Spatiotemporal Patterns of Population Distribution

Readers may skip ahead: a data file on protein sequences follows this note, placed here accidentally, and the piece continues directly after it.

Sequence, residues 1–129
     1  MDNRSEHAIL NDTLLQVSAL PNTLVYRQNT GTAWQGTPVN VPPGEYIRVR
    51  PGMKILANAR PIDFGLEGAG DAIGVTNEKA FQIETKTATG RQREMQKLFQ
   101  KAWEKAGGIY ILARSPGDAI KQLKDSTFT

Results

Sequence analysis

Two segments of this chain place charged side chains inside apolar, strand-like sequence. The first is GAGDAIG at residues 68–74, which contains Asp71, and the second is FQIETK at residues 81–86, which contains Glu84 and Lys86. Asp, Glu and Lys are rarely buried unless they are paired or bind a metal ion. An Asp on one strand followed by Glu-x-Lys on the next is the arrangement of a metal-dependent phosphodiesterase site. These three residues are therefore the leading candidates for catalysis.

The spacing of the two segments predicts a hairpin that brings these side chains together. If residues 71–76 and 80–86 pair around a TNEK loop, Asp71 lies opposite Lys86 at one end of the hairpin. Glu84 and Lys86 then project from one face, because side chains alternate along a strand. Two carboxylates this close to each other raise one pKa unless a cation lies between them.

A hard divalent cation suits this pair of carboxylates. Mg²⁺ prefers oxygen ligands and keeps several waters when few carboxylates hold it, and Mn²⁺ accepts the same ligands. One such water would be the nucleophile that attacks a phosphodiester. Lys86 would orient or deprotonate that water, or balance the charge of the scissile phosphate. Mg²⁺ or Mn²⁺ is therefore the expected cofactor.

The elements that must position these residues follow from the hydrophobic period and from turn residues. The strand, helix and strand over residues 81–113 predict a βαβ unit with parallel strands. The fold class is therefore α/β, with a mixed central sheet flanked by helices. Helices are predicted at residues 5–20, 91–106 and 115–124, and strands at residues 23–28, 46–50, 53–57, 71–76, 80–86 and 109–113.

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Population studies worldwide have suggested that urban population densities generally follow an exponential decay pattern as one travels outwards from the central business district (CBD). Dhaka has experienced phenomenal population growth over the past two decades. This chapter uses econometric and GIS techniques to map and model recent population dynamics using census data for three successive census years (1991, 2001 and 2011) aggregated at the lowest level of census geography. Linear and non-linear regression models were tested to examine urban density form. The study found that a negative exponential function was best suited for the study area since it produced the highest coefficient of determination (R 2). Additionally, temporal trends of the population density gradient for the study area revealed gradual flattening. Further, it was found that the y-axis intercept (an indicator of CBD density) did not drop over time as general theories for cities experiencing economic growth would suggest. The visualisation of population change was conducted through standard deviational ellipses and simple spatial analysis. The results revealed that, with the exception of a few census tracts, the magnitude of population change is (are) still high in the area, and that a suburbanisation trend has set in over the period since the penultimate census.
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